ABSTRACT-The mass-transport-limited rate of pollutant deposition onto indoor surfaces is examined in this paper. Transport of both particles and highly reactive gases through the boundary layer of air adjacent to a surface is analyzed for three model airflow conditions: (1) natural convection natural convection; flow along room surfaces, (2) forced laminar flow parallel to room surfaces, and (3) homogeneous turbulence in the core of the room. Transport mechanisms considered include convective diffusion, thermophoresis, and gravitational sedimentation. The predicted mass-transport-limited deposition velocity, averaged over the surface of a room, varies from 10-6 to 10-2 m s-1 over the range of pollutant diffusivities and particle sizes encountered. Theoretical predictions are in rough agreement with the limited experimental data that have been taken inside rooms. Results show that if buildings were designed and operated such that natural convection or forced laminar flow conditions prevailed with surface temperatures a few degrees K warmer than the room air, soiling of vertical surfaces due to deposition of soot particles in the size range 0.1-1 mm diameter could be greatly reduced.
Nazaroff, W. W., M. P. Ligocki, T. Ma, and G. R. Cass, "Particle Deposition in Museums: Comparison of Modeling and Measurement Results," Aerosol Science and Technology, Vol. 13, 1990, pp. 332-348.
ABSTRACT-Deposition of airborne particles may lead to soiling and/or chemical damage of objects kept indoors, including works of art in museums. Measurements recently were made of the deposition velocity of fine particles (diameter range: 0.05-2.1 mm) onto surfaces in five Southern California museums. In this paper, theoretical predictions of particle deposition velocities onto verticle surfaces are developed for comparison against the experimental results. Deposition velocities are calculated from data on surface-air temperature differences and near-wall air velocity using idealized representations of the air flow field near the wall. For the five sites studied, the wall-air temperature differences were generally in the range of a few tenths to a few degrees Kelvin. Average air velocities measured at 1 cm from the wall were in the range 0.08-0.19 m s-1. Based on the combination of modeling predictions and measurement results, the best estimate values of deposition velocity for the wall studied at each site are obtained. These values are in the range (1.3-20) x 10-6 m s -1 for particles with 0.05-mm diameter and (0.1-3.3) x 10-6 for particles with 1-mm diameter. The range of 15-30 in deposition velocity for a given particle size is due primarily to differences among sites in the near-wall air flow regime, with the low and high values associated with forced laminar flow and homogeneous turbulence in the core of the room, respectively.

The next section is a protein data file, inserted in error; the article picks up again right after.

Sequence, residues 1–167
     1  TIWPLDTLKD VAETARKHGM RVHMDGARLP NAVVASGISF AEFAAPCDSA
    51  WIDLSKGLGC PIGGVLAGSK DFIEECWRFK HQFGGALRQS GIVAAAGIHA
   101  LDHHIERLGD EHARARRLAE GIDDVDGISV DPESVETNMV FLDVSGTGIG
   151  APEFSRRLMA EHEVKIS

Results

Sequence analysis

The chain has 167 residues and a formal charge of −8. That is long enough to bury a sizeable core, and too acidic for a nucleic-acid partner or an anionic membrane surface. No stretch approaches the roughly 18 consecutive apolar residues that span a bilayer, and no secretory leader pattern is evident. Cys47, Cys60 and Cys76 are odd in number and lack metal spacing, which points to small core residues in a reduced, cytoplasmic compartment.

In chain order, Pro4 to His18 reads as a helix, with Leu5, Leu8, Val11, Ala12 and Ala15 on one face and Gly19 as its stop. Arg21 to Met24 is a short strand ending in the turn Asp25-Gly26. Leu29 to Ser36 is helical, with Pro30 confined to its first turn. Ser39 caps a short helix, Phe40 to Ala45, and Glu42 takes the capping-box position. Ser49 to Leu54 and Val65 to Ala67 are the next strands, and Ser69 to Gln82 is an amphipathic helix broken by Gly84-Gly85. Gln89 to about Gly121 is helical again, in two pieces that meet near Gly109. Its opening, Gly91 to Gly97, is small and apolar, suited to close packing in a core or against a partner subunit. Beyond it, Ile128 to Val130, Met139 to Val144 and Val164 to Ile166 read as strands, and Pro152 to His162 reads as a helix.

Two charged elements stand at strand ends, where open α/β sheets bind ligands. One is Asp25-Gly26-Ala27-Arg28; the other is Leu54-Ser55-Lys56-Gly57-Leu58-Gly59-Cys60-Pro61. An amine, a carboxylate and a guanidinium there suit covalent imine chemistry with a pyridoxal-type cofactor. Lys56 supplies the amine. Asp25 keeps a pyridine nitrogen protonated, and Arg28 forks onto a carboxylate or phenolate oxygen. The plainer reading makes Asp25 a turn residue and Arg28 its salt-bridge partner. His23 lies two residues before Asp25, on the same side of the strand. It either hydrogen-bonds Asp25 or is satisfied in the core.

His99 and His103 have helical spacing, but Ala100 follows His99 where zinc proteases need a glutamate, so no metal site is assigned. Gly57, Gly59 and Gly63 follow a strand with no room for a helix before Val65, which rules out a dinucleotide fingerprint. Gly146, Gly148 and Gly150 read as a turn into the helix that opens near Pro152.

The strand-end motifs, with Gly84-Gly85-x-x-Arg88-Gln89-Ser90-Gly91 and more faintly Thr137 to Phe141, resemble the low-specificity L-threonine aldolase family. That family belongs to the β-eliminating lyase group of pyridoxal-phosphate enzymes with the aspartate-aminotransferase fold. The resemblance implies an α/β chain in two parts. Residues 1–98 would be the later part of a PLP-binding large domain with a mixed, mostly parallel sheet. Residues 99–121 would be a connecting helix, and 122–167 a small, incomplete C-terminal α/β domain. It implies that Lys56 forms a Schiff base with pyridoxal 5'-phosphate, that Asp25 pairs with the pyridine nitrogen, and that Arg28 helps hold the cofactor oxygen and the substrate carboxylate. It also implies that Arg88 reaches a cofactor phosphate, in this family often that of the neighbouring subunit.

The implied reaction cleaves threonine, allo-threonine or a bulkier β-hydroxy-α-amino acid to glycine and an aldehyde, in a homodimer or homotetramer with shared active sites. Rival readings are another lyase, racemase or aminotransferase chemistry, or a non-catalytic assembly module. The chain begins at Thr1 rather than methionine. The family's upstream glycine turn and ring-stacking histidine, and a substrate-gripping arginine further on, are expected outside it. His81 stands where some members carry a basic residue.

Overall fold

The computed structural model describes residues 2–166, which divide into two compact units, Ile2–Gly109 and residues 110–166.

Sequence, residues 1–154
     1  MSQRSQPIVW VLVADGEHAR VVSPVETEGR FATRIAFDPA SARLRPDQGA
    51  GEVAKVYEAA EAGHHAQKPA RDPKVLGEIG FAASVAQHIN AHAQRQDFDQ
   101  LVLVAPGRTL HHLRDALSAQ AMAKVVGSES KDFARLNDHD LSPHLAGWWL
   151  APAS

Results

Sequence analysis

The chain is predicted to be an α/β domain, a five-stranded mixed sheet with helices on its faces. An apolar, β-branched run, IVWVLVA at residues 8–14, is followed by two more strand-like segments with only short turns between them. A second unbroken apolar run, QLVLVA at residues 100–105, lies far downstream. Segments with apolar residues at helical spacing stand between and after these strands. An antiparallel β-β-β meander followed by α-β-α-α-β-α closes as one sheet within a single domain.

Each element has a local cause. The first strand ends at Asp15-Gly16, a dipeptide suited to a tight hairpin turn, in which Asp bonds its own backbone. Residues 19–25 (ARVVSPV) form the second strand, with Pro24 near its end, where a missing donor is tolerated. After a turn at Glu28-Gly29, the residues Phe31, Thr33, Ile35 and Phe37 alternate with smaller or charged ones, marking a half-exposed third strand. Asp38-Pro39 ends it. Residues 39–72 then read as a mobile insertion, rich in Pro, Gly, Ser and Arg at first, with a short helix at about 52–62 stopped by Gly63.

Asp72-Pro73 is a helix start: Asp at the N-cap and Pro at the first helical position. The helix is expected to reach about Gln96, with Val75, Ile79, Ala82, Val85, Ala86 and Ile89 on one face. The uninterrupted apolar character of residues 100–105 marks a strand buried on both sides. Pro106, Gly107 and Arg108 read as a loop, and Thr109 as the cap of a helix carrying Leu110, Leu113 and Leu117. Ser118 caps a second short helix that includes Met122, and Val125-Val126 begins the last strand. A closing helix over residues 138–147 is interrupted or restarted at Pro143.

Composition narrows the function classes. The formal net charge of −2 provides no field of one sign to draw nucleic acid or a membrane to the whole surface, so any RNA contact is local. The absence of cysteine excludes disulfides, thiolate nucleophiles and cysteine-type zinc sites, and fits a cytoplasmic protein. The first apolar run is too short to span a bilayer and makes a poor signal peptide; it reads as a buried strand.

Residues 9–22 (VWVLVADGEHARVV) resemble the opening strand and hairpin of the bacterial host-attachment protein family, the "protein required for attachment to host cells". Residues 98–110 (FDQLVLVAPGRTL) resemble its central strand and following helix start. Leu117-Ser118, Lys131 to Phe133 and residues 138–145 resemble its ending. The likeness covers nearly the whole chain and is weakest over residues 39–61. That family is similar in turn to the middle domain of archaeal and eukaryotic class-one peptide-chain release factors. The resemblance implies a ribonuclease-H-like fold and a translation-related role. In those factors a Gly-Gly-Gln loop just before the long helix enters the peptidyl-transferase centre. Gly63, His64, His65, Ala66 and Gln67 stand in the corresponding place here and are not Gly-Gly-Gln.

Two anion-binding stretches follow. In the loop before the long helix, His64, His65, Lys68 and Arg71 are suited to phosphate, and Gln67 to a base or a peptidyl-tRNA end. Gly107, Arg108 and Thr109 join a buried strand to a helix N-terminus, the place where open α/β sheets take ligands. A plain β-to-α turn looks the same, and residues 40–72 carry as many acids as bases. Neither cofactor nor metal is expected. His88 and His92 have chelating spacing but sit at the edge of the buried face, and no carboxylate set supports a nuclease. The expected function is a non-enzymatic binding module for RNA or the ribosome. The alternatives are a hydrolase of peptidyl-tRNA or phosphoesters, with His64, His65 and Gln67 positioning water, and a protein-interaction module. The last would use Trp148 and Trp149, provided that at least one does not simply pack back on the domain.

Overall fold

Nazaroff, W. W., and G. R. Cass, "Protecting Museum Collections from Soiling due to the Deposition of Airborne Particles," Atmospheric Environment, Vol. 25a, Nº 5/6, 1991, pp. 841-852.
ABSTRACT-Objects in Southern California museums may become perceptibly soiled within periods as short as a year due to the deposition of airborne particles onto their surfaces. Methods for reducing the soiling rate include reducing the building ventilation rate, increasing the effectiveness of particle filtration, reducing the particle deposition velocity onto surfaces of concern, placing objects within display cases or glass frames, managing a site to achieve low outdoor aerosol concentrations, and eliminating indoor particle sources. A mathematical model of indoor aerosol dynamics and experimental data collected at a historical museum in Southern California are combined to illustrate the potential effectiveness of these control techniques. According to model results, the soiling rate can be reduced by at least two orders of magnitude through practical application of these control measures. Combining improved filtration with either a reduced ventilation rate for the entire building or low-air-exchange display cases is a very effective approach to reducing the soiling hazard in museums.
Nazaroff, W. W., Mathematical Modeling and Control of Pollutant Dynamics in Indoor Air, Ph.D. Thesis, California Institute of Technology, Pasadena, California, 1989, 296 pages.
ABSTRACT-To assess the total human-health and material-damage associated with air-pollutant exposure, the concentration and fates of pollutants in indoor atmospheres must be understood. Three observations reinforce this point: (1) concentrations of many pollutants are commonly higher in indoor air than in outdoor air; (2) in many countries, people spend more time indoors than outdoors; (3) many of the most precious material possessions of society are kept indoors. In this thesis, mathematical models are developed as tools to improve the understanding of pollutant dynamics in indoor air. These tools are applied to the problem of protecting works of art from damage due to air pollutant exposure, particularly for the purpose of understanding how to control soiling due to airborne particle deposition.